UPDATE: Purple Pinkie Project Raises More Than $1.3 Million to Fight Polio Worldwide
Rotary Clubs throughout Alabama and three other states, with the help of Dunkin’, have raised more than $1.3 million in an effort to eradicate polio worldwide.
The money was raised through the Purple Pinkie Project. Dunkin’ donated doughnuts to Rotary Clubs in Alabama, Florida, Missouri and Tennessee for the fundraiser. Rotary Club members covered one end of the doughnuts with purple icing. That is to represent children in other countries who get purple ink put on their pinkie finger to show that they have received the polio vaccine.
More than 70,000 doughnuts were donated, allowing all proceeds from sales to benefit Rotary International’s End Polio Now campaign. The project was launched in Tennessee in 2018 before expanding to Alabama and other states. Since the start of the project, more than $3 million has been raised.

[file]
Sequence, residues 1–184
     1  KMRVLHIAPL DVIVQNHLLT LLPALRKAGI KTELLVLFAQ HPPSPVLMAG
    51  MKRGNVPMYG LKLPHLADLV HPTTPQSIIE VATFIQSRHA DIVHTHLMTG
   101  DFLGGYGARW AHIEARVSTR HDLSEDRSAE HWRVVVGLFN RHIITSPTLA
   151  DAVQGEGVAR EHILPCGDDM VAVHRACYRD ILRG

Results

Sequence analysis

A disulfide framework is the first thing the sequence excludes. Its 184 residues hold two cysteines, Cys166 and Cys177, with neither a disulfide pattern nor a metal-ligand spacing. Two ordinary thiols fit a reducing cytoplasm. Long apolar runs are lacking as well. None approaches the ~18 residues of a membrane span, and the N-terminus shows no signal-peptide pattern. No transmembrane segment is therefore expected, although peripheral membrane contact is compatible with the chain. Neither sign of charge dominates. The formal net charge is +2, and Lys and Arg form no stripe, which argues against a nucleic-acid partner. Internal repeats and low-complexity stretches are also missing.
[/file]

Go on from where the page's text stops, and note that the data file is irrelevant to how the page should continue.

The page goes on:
In our area, 1,684 boxes of doughnuts were delivered to Rotary Clubs in Montgomery, Dothan and Mobile to be sold for $25. Thanks to matching contributions, every $25 box turned into a $187.50 contribution to the World Polio Fund.
While polio is no longer a threat in the U.S., it remains endemic in Afghanistan and Pakistan. Children there get a vaccine through drops in the mouth, allowing for millions to be vaccinated in a short period of time. That’s why their pinkie finger gets the purple ink, so that vaccinators can quickly see who has received this potentially lifesaving medicine and who hasn’t.
Rotary International says it is committed to raising $50 million a year to be matched 2-to-1 by the Bill & Melinda Gates Foundation, yielding $150 million for polio eradication activities every year. To date, Rotary has contributed more than $2.1 billion to fight the disease, including matching funds from the Gates Foundation.
It’s still crucial to work to keep other countries polio-free. If all eradication efforts stopped today, within 10 years, polio could paralyze as many as 200,000 children each year. But as long as a single child has polio, all children are at risk.